Without going into too much detail (Chatham House Rule), it looks as if the major military organizations of the West are approaching the question of network centric warfare in low-intensity operations in different ways. The French seem fully aware that there is a contradiction, but are pushing forward with digitization in any case. The Germans are very interested in network centric warfare, but seem to believe that it enhance their low intensity capabilities. Indeed, at least some of them see digitization as the means of moving away from high intensity operations. I find this odd. The Americans remain committed to network-centric warfare, and appear to hope that it will work out well in low-intensity operations, although I didn’t see much to convince me that this would be the case.

Sunday Battleship Blogging: USS Utah

[ 0 ] January 15, 2006 |

USS Utah (BB-31) was the sixth dreadnought battleship commissioned by the US Navy. She entered service in August of 1911. Utah and her sister Florida were the first two US battleships to use steam turbines, although some later battleships (New York, Texas, and Oklahoma) would revert to reciprocating engines. Utah displaced 22000 tons, carried 10 12″ guns, and could make 21 knots.

The battle squadron constructed by the United States between 1910 and 1921 avoided many of the problems of the Royal Navy, the High Seas Fleet, and the Imperial Japanese Navy. From Delaware on, the ships were all relatively heavily armed, armored, and consistent in speed. It was not difficult, therefore, for the fleet to operate as a unit. In contrast, the Royal Navy included battlecruisers, which, while useful for many operations, could not operate safely in the battle line. Also, the dreadnoughts of the Royal Navy varied widely in speed; this could be a handicap in battle, as faster ships could get separated from slower. The same problems existed in the High Seas Fleet and the IJN.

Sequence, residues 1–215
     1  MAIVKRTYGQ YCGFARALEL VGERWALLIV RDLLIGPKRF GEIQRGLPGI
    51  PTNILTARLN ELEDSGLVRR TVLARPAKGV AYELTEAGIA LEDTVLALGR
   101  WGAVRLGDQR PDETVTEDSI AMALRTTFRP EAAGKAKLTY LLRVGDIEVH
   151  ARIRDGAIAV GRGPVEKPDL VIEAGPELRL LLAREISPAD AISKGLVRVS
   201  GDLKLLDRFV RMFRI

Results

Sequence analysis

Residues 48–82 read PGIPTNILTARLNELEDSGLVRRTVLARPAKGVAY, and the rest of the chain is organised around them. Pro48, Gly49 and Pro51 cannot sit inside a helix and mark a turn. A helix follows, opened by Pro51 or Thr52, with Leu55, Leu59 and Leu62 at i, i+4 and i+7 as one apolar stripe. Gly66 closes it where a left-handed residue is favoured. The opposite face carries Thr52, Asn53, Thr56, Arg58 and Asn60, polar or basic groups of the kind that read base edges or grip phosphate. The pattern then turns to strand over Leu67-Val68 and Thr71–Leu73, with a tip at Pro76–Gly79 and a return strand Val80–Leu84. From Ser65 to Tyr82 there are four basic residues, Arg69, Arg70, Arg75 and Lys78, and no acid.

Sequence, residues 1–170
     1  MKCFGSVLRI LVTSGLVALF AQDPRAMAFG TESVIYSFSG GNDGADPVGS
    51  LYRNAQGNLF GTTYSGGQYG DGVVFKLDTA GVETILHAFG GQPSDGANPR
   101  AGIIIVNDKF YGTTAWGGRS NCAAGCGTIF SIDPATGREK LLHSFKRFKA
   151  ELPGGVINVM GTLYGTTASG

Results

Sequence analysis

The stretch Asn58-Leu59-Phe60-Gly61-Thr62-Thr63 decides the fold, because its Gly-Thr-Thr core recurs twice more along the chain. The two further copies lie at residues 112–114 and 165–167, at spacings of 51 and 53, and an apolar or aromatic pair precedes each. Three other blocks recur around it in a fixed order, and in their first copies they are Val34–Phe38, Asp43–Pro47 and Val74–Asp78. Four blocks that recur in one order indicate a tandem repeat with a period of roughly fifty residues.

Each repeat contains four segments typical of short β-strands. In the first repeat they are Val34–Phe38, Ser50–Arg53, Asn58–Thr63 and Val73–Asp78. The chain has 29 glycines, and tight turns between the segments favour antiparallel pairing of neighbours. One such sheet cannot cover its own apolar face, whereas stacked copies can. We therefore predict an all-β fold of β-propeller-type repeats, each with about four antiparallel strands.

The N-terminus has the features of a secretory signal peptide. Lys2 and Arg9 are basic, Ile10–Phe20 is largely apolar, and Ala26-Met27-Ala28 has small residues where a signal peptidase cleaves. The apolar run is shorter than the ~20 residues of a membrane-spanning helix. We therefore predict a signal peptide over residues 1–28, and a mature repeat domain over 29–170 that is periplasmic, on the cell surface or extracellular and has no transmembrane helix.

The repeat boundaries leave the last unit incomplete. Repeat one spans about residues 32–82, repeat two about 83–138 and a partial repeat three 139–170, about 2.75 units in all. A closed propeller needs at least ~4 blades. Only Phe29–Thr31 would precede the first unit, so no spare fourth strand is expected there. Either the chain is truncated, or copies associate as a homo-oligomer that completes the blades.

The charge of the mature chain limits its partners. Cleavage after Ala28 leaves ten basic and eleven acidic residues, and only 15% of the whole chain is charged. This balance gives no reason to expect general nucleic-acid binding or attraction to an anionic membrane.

Utah, like many US ships of the period, engaged in her first combat action off Vera Cruz in April 1914. A contingent of sailors and marines were supported by offshore gunnery, and the men of Utah apparently distinguished themselves. Utah did not play much of a role in World War I, as she was not included in the squadron allocated to the Grand Fleet in 1917. Utah didn’t arrive in Great Britain until September 1918, acting as a convoy escort. Like all other US battleships, she saw no combat.

The interwar period was relatively eventful for Utah. Twice, Utah served as the flagship of a squadron engaged in a goodwill cruise of South America. The second cruise included President-elect Herbert Hoover. Utah underwent modernization in 1925, losing her aft cage mast and receiving more anti-aircraft guns. Most of the rest of the period before 1930 was spent as a training ship.

The 1930 London Naval Treaty moved a step beyond the 1922 Washington Treaty. The latter was intended to forestall a naval arms race, which many, especially in Great Britain, blamed for World War I. The massive battleship building programs of the United States, Japan, and the United Kingdom were suspended in favor of a naval construction freeze and strict limits on the size of battlefleets. The United States was allowed to keep 18 battleships, including Utah. The London Naval Treaty sought to reduce the number of battleships in each fleet. The new limit for the US and the UK was 15, as opposed to 9 for Japan. This necessitated the elimination of several units from each fleet. Utah found herself on the chopping block. Rather than scrap Utah, however, it was decided to disarm and convert her into a target ship.

Utah served in this capacity for eleven years. On December 7, 1941, Utah was moored some distance to the northwest of Battleship Row. The Japanese torpedo bomber pilots were rather less than interested in Utah’s demilitarized status, and at 801am she was hit forward port by a single torpedo. Eleven minutes later, Utah rolled over and sank. Remarkably, only 64 of a crew of 471 died, with some sailors being rescued after their blowtorch-armed comrades cut through the bottom of the hull.

Utah was the oldest battleship to serve in World War II, but not the oldest to serve as a battleship, an honor which goes to USS Arkansas. Utah’s service in the war lasted about fifteen minutes. However, the service was not wholly irrelevant; the torpedo that hit Utah might have hit another US battleship, resulting in the deaths of more sailors. Utah remains at the bottom of Pearl Harbor today, although she is visted far less frequently than Arizona.

Trivia: What was the first battleship sunk by the Allies during World War II? Hint: The Graf Spee was not a battleship.

  • Switch to our mobile site